I am writing an OpenCL program for use with my AMD Radeon HD 7800 series GPU. According to AMD's OpenCL programming guide, this generation of GPU has two hardware queues that can operate asynchronously.

5.5.6 Command Queue

For Southern Islands and later, devices support at least two hardware compute queues. That allows an application to increase the throughput of small dispatches with two command queues for asynchronous submission and possibly execution. The hardware compute queues are selected in the following order: first queue = even OCL command queues, second queue = odd OCL queues.

To do this, I've created two separate OpenCL command queues to feed data to the GPU. Roughly, the program running on the host thread looks something like this:

static const int kNumQueues = 2;
cl_command_queue default_queue;
cl_command_queue work_queue[kNumQueues];

static const int N = 256;
cl_mem gl_buffers[N];
cl_event finish_events[N];

clEnqueueAcquireGLObjects(default_queue, gl_buffers, N);

int queue_idx = 0;
for (int i = 0; i < N; ++i) {
  cl_command_queue queue = work_queue[queue_idx];

  cl_mem src = clCreateBuffer(CL_MEM_READ_ONLY | CL_MEM_COPY_HOST_PTR, ...);

  // Enqueue a few kernels
  cl_mem tmp1 = clCreateBuffer(CL_READ_WRITE);
  clEnqueueNDRangeKernel(kernel1, queue, src, tmp1);

  clEnqueueNDRangeKernel(kernel2, queue, tmp1, tmp1);

  cl_mem tmp2 = clCreateBuffer(CL_READ_WRITE);
  clEnqueueNDRangeKernel(kernel2, queue, tmp1, tmp2);

  clEnqueueNDRangeKernel(kernel3, queue, tmp2, gl_buffer[i], finish_events + i);

  queue_idx = (queue_idx + 1) % kNumQueues;

clEnqueueReleaseGLObjects(default_queue, gl_buffers, N);
clWaitForEvents(N, finish_events);

With kNumQueues = 1, this application pretty much works as intended: it collects all of the work into a single command queue that then runs to completion with the GPU being fairly busy the whole time. I'm able to see this by looking at the output of the CodeXL profiler:

enter image description here

However, when I set kNumQueues = 2, I expect the same thing to happen but with the work evenly split across two queues. If anything, I expect each queue to have the same characteristics individually as the one queue: that it starts work sequentially until everything is done. However, when using two queues, I can see that not all of the work is split across the two hardware queues:

enter image description here

At the beginning of the GPU's work, the queues do manage to run some kernels asynchronously, although it seems like neither ever fully occupies the hardware queues (unless my understanding is mistaken). Near the end of the GPU work, it seems like the queues are adding work sequentially to only one of the hardware queues, but there are even times that no kernels are running. What gives? Do I have some fundamental misunderstanding of how the runtime is supposed to behave?

I have a few theories as to why this is happening:

  1. The interspersed clCreateBuffer calls are forcing the GPU to allocate device resources from a shared memory pool synchronously which stalls the execution of individual kernels.

  2. The underlying OpenCL implementation does not map logical queues to physical queues, and only decides where to place objects at runtime.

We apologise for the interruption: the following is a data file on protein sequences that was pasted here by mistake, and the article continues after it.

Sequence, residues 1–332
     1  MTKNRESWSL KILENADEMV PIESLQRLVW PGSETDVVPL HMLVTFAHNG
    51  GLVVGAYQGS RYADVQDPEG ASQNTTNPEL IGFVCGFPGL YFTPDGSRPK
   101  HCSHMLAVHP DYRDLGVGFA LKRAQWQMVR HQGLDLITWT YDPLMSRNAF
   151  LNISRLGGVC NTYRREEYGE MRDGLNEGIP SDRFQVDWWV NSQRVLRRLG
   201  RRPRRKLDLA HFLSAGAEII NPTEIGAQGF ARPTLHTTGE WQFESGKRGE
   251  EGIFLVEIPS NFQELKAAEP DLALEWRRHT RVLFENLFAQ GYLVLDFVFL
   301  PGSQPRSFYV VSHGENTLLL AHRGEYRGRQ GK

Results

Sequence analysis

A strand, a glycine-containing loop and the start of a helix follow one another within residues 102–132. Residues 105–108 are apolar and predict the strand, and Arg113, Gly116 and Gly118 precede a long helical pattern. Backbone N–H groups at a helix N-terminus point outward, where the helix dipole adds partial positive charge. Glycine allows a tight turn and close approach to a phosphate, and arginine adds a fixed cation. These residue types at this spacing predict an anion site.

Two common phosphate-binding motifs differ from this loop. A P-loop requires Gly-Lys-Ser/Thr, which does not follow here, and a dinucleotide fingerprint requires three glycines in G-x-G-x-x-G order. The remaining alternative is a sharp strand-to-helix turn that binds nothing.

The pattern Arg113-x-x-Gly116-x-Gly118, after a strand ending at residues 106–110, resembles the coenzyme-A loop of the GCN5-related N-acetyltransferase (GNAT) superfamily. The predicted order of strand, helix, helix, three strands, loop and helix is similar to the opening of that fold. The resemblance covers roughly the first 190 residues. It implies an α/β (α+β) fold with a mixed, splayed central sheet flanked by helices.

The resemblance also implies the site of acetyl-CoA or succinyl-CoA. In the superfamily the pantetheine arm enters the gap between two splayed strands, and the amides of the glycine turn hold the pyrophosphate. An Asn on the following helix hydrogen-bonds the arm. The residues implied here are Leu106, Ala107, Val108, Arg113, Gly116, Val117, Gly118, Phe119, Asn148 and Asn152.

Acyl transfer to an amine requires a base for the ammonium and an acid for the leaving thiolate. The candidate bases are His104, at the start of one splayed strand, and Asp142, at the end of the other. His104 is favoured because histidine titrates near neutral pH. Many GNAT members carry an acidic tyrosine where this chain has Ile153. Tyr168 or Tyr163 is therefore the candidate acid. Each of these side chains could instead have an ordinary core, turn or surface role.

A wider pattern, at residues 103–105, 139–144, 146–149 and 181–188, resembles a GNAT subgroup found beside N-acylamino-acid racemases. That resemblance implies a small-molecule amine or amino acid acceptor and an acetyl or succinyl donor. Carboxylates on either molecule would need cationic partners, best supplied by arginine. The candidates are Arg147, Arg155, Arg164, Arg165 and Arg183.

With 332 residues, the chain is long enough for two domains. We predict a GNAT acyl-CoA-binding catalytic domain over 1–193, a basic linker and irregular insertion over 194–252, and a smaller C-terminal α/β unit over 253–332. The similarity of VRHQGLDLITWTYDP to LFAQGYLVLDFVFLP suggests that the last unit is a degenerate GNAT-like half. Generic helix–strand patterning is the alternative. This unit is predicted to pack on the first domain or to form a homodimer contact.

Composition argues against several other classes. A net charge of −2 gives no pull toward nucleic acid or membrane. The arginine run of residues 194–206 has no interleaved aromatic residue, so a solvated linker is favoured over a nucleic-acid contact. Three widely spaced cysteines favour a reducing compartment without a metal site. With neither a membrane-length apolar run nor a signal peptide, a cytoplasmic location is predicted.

3. Because I'm using GL objects, the GPU needs to synchronize access to specially allocated memory during writes.

Are any of these assumptions true? Does anyone know what could be causing the GPU to wait in the two-queue scenario? Any and all insight would be appreciated!

  • $\begingroup$ I can't find where it says there are two hardware queues in the programming guide. Could you post a quote from the document? Mention which chapter that says there are two queues? Is number of hardware queues queryable in runtime using OpenCL? $\endgroup$
    – Andreas
    Commented May 1, 2016 at 12:06
  • $\begingroup$ I've updated my post. It does say possible execution, but if it can do a few why can't it do them all? Also the OpenCL runtime has no notion of hardware queue, so it's not something that you can query. $\endgroup$
    – Mokosha
    Commented May 1, 2016 at 16:05

1 Answer 1


Compute queues in general don't necessarily mean you can now do 2x dispatches in parallel. A single queue that fully saturates the compute units will have better throughput. Multiple queues are useful if one queue consumes less resources (shared memory or registers), then secondary queues can then overlap on the same compute unit.

For real-time rendering this is especially the case with things like shadow rendering that are very light on compute/shaders but heavy on fixed function hardware, thus freeing the GPU scheduler to run the secondary queue async.

Also found this in the release notes. Don't know if it's the same issue, but could just be that CodeXL is not great. I would expect that it might have not have the best instrumentation for which dispatches are in flight.


For an application that performs simultaneous asynchronous data transfer and kernel execution, the timeline shown in the Application Trace session view will not show these operations being overlapped. This is because the driver and hardware force these operations to be synchronous while profiling. (333981)


Your Answer

By clicking “Post Your Answer”, you agree to our terms of service and acknowledge you have read our privacy policy.

Not the answer you're looking for? Browse other questions tagged or ask your own question.